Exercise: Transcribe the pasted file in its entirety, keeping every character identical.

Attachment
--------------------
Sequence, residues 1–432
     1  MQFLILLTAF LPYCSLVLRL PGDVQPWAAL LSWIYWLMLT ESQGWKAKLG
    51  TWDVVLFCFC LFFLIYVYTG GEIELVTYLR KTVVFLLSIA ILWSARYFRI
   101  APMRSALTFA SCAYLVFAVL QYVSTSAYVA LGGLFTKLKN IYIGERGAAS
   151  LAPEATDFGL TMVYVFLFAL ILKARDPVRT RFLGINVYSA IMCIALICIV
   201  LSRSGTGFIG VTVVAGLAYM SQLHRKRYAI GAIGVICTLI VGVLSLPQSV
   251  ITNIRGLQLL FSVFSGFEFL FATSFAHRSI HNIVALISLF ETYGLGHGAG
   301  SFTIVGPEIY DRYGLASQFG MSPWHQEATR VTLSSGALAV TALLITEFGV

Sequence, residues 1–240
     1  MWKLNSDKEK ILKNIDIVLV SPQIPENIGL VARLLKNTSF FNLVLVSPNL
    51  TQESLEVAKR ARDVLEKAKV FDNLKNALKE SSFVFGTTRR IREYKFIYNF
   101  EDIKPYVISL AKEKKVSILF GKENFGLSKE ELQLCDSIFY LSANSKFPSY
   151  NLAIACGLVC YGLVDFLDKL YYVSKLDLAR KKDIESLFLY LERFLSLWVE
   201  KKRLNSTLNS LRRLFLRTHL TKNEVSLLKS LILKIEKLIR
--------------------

Sequence, residues 1–432
     1  MQFLILLTAF LPYCSLVLRL PGDVQPWAAL LSWIYWLMLT ESQGWKAKLG
    51  TWDVVLFCFC LFFLIYVYTG GEIELVTYLR KTVVFLLSIA ILWSARYFRI
   101  APMRSALTFA SCAYLVFAVL QYVSTSAYVA LGGLFTKLKN IYIGERGAAS
   151  LAPEATDFGL TMVYVFLFAL ILKARDPVRT RFLGINVYSA IMCIALICIV
   201  LSRSGTGFIG VTVVAGLAYM SQLHRKRYAI GAIGVICTLI VGVLSLPQSV
   251  ITNIRGLQLL FSVFSGFEFL FATSFAHRSI HNIVALISLF ETYGLGHGAG
   301  SFTIVGPEIY DRYGLASQFG MSPWHQEATR VTLSSGALAV TALLITEFGV

Sequence, residues 1–240
     1  MWKLNSDKEK ILKNIDIVLV SPQIPENIGL VARLLKNTSF FNLVLVSPNL
    51  TQESLEVAKR ARDVLEKAKV FDNLKNALKE SSFVFGTTRR IREYKFIYNF
   101  EDIKPYVISL AKEKKVSILF GKENFGLSKE ELQLCDSIFY LSANSKFPSY
   151  NLAIACGLVC YGLVDFLDKL YYVSKLDLAR KKDIESLFLY LERFLSLWVE
   201  KKRLNSTLNS LRRLFLRTHL TKNEVSLLKS LILKIEKLIR